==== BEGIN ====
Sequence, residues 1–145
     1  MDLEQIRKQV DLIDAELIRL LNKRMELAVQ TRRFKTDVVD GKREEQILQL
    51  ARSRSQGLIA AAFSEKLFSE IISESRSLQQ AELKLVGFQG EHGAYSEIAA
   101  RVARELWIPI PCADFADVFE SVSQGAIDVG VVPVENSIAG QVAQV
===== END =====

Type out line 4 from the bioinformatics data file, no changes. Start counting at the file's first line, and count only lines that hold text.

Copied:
   101  RVARELWIPI PCADFADVFE SVSQGAIDVG VVPVENSIAG QVAQV